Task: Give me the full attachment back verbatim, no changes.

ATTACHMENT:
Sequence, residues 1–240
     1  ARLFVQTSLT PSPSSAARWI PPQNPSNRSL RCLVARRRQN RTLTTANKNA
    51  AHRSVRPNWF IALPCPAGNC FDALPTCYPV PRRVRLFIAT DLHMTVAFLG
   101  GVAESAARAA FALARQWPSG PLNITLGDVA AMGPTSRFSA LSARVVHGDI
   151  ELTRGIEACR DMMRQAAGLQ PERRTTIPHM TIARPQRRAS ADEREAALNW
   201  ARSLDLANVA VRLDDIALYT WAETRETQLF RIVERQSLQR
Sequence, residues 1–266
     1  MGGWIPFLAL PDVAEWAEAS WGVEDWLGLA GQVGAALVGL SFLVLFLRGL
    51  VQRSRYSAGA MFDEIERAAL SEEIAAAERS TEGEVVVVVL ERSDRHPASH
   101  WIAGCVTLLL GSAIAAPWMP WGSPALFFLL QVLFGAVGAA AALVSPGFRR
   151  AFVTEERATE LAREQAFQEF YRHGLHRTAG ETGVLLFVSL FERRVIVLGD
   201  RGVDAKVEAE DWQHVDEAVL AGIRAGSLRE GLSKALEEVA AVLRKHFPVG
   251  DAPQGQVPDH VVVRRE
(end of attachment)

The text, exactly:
Sequence, residues 1–240
     1  ARLFVQTSLT PSPSSAARWI PPQNPSNRSL RCLVARRRQN RTLTTANKNA
    51  AHRSVRPNWF IALPCPAGNC FDALPTCYPV PRRVRLFIAT DLHMTVAFLG
   101  GVAESAARAA FALARQWPSG PLNITLGDVA AMGPTSRFSA LSARVVHGDI
   151  ELTRGIEACR DMMRQAAGLQ PERRTTIPHM TIARPQRRAS ADEREAALNW
   201  ARSLDLANVA VRLDDIALYT WAETRETQLF RIVERQSLQR
Sequence, residues 1–266
     1  MGGWIPFLAL PDVAEWAEAS WGVEDWLGLA GQVGAALVGL SFLVLFLRGL
    51  VQRSRYSAGA MFDEIERAAL SEEIAAAERS TEGEVVVVVL ERSDRHPASH
   101  WIAGCVTLLL GSAIAAPWMP WGSPALFFLL QVLFGAVGAA AALVSPGFRR
   151  AFVTEERATE LAREQAFQEF YRHGLHRTAG ETGVLLFVSL FERRVIVLGD
   201  RGVDAKVEAE DWQHVDEAVL AGIRAGSLRE GLSKALEEVA AVLRKHFPVG
   251  DAPQGQVPDH VVVRRE